The establishment of a large-scale center would help relieve the burden for Ho Chi Minh City ports and road networks linking the city with the 18-million-strong Mekong Delta region, experts said at the event on logistics development.
Le Hoang Linh, deputy general director of Saigon New Port Corporation, said 70 percent of the imports and exports of the Mekong Delta are transported to Cai Mep – Thi Vai Port in the southern coastal province of Ba Ria – Vung Tau, leading to higher transport costs and creating added pressure on the connecting road networks.
Therefore, Linh suggested the government should have policies and incentives in tax and land leasing mechanisms to encourage investment in waterway transportation for containers, container ports and terminals, as well as specialized ports.
Le Duy Hiep, vice chairman of the Vietnam Logistics Business Association, said that Can Tho should be the main point of delivery for export from the region, and that there should be multiple logistics centers, an upgrade of old facilities or the establishment of new ones, close to the area and easily accessible by road and waterway.
Le Van Hy, chief editor of the Vietnam Logistics Review magazine, said that the development of a complete supply chain with proper infrastructure, including ports and logistics centers, will contribute to the comprehensive growth and competitiveness of the regional economy.
In reality however, the development of a capable supply chain is still behind many other places, Hy remarked.
As a result, the creation of a supply chain backed by logistics services, such as forwarding services, warehousing, transportation, and ports, is now an urgent concern for the Mekong Delta, he added.
Pham Anh Tuan, deputy general director of Portcoast JSC, said according to his calculations, only a one percent reduction in the cost of logistical services could help save the area VND2 trillion (US$88 million), which generates VND213 trillion ($9.37 billion) in GDP yearly.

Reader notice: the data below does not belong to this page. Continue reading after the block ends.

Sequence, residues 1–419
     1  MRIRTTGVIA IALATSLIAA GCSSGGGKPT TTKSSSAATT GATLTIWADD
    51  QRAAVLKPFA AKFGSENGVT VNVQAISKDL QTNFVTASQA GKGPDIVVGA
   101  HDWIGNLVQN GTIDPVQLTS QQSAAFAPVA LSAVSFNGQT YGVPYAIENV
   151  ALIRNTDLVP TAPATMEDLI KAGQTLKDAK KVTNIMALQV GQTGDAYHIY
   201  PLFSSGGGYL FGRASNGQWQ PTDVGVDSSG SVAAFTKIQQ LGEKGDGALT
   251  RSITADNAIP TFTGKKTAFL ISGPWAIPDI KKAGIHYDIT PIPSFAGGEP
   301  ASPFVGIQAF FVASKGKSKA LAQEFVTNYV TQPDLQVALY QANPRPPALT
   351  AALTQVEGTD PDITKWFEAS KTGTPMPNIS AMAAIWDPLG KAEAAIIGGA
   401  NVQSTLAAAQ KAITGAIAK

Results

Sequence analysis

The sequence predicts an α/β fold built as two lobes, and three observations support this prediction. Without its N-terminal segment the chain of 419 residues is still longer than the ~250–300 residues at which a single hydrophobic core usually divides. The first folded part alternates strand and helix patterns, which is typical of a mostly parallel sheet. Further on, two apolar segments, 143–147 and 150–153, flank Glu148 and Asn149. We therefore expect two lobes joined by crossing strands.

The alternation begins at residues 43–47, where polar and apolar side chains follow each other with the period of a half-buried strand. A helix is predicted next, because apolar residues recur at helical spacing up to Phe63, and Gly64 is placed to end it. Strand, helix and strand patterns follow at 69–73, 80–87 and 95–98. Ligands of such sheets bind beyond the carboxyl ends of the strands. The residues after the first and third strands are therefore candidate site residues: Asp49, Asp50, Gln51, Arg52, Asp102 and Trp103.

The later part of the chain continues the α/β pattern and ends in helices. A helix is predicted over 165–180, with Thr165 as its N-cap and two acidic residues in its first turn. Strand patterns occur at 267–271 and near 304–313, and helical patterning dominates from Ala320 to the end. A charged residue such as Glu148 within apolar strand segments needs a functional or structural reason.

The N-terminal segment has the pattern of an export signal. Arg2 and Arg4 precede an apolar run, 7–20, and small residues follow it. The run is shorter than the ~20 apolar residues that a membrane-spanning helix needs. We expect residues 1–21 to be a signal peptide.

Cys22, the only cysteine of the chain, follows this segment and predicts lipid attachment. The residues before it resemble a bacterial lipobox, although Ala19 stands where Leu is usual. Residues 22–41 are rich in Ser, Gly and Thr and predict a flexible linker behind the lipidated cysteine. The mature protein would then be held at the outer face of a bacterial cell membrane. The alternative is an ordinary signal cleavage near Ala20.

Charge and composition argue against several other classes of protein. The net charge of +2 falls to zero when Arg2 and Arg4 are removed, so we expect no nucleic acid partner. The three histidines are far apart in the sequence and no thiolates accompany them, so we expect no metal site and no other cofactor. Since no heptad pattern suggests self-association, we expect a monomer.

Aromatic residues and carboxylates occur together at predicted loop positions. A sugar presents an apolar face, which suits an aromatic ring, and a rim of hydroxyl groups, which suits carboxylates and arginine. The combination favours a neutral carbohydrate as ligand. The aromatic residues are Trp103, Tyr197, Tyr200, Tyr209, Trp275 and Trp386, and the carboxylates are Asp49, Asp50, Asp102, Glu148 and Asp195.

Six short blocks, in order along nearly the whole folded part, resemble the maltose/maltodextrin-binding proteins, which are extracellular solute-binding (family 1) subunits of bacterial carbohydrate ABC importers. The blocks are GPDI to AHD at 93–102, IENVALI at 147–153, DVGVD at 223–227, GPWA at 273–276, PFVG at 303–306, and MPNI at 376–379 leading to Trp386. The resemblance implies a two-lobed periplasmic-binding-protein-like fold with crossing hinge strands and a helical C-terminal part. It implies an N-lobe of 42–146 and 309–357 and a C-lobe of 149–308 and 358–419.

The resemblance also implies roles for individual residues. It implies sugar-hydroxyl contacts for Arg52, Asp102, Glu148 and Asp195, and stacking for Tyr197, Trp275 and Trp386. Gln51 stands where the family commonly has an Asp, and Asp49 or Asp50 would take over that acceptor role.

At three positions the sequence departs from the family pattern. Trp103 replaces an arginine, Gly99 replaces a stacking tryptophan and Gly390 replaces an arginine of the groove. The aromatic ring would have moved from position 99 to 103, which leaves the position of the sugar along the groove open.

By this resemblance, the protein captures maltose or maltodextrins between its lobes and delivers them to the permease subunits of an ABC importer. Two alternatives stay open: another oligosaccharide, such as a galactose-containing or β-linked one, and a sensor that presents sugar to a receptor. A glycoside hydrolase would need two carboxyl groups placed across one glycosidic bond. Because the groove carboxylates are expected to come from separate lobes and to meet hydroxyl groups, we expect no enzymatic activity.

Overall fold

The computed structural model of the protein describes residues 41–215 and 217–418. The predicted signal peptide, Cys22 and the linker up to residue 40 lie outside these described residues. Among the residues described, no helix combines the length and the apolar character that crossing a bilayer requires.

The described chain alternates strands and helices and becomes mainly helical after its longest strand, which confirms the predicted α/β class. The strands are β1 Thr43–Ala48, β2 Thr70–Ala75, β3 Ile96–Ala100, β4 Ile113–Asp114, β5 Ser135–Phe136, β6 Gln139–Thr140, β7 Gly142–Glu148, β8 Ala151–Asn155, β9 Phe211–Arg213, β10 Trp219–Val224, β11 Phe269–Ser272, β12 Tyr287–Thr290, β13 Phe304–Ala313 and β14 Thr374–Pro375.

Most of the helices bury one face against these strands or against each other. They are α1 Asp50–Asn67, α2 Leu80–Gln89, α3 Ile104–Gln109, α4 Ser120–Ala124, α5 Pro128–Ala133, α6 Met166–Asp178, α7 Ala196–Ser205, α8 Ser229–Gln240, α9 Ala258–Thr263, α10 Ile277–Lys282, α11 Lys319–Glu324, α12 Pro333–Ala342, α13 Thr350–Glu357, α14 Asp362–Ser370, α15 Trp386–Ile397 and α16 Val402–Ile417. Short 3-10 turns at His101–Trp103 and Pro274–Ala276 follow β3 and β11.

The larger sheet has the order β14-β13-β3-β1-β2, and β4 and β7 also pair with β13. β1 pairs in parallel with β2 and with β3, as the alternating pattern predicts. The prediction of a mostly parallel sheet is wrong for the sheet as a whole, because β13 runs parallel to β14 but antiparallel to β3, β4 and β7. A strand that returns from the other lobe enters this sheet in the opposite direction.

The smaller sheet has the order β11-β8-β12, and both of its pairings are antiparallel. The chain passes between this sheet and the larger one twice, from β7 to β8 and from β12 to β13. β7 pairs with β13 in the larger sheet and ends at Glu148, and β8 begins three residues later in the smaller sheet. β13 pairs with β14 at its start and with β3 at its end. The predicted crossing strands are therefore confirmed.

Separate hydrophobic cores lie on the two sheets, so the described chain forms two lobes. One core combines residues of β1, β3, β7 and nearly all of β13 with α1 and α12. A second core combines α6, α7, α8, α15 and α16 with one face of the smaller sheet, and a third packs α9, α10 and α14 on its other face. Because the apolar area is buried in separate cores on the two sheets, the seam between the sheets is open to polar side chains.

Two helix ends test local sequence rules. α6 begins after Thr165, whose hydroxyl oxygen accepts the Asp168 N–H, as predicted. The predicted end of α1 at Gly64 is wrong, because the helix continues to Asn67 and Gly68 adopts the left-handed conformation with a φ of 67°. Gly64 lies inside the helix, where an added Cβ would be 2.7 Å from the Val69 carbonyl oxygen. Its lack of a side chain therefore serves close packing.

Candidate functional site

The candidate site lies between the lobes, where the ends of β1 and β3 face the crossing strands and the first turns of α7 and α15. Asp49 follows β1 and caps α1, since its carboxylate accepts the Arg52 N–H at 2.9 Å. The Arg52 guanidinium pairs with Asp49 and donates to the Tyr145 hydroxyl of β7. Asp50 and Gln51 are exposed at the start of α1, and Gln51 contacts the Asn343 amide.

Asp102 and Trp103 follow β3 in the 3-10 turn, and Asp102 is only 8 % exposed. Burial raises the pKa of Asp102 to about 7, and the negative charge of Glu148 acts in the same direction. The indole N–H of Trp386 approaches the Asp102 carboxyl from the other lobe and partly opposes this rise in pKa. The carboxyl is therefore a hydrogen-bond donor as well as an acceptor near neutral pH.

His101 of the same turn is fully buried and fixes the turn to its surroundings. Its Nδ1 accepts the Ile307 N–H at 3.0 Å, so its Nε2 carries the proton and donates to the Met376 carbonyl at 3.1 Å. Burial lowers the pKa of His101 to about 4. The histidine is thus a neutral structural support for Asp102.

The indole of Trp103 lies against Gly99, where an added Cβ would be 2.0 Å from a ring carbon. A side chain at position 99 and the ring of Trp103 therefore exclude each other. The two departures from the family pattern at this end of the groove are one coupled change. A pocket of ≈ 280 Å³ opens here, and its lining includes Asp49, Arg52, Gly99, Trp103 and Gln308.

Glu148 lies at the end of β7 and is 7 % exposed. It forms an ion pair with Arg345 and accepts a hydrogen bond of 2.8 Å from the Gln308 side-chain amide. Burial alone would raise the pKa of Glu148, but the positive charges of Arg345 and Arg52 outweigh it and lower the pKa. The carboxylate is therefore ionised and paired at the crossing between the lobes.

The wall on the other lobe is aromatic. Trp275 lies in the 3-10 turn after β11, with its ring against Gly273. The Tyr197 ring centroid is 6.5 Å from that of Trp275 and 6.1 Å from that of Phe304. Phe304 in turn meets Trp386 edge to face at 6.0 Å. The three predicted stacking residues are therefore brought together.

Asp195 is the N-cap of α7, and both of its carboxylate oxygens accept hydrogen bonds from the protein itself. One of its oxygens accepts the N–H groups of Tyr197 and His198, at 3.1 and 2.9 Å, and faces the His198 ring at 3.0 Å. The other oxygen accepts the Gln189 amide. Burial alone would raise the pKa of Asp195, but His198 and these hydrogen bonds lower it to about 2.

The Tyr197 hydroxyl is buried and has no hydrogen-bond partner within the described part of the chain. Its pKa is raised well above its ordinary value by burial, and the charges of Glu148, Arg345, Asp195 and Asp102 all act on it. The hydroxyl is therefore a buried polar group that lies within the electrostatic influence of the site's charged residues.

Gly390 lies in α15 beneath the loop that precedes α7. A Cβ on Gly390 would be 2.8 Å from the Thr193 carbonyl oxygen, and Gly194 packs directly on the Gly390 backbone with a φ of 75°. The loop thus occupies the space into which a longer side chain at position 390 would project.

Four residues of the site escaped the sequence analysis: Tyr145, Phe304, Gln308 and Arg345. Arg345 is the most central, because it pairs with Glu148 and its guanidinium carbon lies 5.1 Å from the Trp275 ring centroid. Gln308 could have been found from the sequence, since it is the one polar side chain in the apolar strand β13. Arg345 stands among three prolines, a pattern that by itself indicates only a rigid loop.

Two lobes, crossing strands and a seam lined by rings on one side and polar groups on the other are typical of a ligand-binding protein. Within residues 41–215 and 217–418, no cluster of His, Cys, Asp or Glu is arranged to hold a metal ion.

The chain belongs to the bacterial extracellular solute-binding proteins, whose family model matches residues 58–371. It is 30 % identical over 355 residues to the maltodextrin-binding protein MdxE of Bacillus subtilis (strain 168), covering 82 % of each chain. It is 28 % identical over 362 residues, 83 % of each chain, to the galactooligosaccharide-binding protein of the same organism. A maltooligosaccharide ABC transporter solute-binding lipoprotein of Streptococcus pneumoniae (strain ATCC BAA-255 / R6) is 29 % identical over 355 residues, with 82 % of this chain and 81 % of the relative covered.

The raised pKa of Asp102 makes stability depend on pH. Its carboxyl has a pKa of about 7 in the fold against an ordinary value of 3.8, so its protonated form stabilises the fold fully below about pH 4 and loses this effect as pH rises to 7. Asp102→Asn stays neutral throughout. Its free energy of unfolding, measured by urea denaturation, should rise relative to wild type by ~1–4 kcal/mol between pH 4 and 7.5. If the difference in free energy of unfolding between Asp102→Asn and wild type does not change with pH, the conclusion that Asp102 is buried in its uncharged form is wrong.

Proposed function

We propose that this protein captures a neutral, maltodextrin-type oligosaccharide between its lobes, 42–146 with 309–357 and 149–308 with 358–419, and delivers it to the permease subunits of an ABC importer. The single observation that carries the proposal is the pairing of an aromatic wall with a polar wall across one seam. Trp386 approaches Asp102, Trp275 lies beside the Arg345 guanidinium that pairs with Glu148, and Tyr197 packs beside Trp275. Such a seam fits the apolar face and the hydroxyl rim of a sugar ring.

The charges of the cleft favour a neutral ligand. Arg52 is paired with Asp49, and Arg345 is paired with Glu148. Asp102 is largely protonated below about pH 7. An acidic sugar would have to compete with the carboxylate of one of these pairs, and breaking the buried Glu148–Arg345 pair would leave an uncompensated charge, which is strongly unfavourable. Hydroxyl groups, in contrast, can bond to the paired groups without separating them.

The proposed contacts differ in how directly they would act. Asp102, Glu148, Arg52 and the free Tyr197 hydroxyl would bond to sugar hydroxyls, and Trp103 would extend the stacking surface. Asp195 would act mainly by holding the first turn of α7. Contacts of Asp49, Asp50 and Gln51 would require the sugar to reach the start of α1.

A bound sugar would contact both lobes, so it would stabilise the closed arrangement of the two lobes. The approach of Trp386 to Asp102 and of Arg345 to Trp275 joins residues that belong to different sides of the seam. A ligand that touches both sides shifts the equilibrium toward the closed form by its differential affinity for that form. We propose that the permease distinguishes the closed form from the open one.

Around 80 percent of the logistic service costs lie in transport and goods handling, so the development of logistics infrastructure and centers plays a key role in promoting the logistical operations and reducing costs, he added.
Annually, the Mekong Delta contributes 60 percent of seafood exports and more than 90 percent of rice shipments from the Southeast Asian country.
But building a complete supply chain and logistics network in the Mekong Delta faces many obstacles at the moment, said Nguyen Cong Bang, deputy director of the transport department under the Ministry of Transport.
The two main methods of transport in the region, waterway and road, have not been developed in line with demand due to unsynchronized infrastructure and an inconvenient transit operation, Bang commented.
None of the ports in the region have railway networks linking them with roads and waterways, and the river mouths cannot accommodate big ships with loading capacities between 10,000 and 20,000 DWT, he added.
According to the port authorities of Can Tho, there are currently 15 ports in the Mekong Delta, but most of them are operating at only 20-50 percent of their full capacity.
As part of the development plan for national logistics centers, Vietnam will have 18 logistics centers, including three first-class and 15 second-class facilities, by 2020.
The Mekong Delta will have two second-class logistics centers, including one with a total area of 30-70 hectares serving Can Tho and the remaining localities in the region.